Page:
Los derechos humanos requieren instituciones más sólidas

PARÍS – Esta semana hace sesenta años que las Naciones Unidas aprobaron la Declaración Universal de Derechos Humanos, la primera proclamación internacional de la dignidad y la igualdad de derechos inherentes a todas las personas. Aún hoy la Declaración Universal sigue siendo el punto de referencia más importante para el examen de los valores éticos por encima de las divisorias nacionales, ideológicas y culturales.

Sin embargo, la ilustrada concepción de la libertad individual, la protección social, la oportunidad económica y el deber para con la comunidad sigue sin cumplirse. Resulta trágico que vuelva a haber genocidios, esta vez en el Sudán. Un programa de seguridad intensificada desde los ataques a los Estados Unidos en septiembre de 2001 ha comprendido el intento de legitimar el recurso a la “entrega extraordinaria” (el traslado entre países de prisioneros y sospechosos sin el debido procedimiento judicial) y la tortura.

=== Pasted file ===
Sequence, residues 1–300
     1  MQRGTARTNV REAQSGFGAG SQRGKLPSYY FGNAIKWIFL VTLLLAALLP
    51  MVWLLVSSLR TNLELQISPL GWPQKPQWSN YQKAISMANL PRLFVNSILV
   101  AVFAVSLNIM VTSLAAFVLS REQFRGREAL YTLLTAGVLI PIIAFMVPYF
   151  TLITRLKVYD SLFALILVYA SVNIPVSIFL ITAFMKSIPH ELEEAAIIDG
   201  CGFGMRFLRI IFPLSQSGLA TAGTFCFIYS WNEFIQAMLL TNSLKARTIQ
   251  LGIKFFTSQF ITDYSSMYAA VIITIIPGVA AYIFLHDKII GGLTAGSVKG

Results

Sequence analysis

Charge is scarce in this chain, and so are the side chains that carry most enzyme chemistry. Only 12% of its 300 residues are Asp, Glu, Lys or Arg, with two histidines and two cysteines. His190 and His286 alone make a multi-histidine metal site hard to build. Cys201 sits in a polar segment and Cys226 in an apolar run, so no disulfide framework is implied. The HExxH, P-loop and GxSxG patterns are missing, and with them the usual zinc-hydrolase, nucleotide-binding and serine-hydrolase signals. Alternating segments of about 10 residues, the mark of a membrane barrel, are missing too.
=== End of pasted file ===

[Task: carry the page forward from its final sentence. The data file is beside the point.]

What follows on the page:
En el caso de las mujeres de todo el mundo, la violencia doméstica y la discriminación en el empleo son una realidad cotidiana. Las minorías padecen estigmas, discriminación y violencia en los países desarrollados y en desarrollo. Se deniega el derecho a la información a millones de personas mediante la censura y la intimidación a los medios de comunicación.

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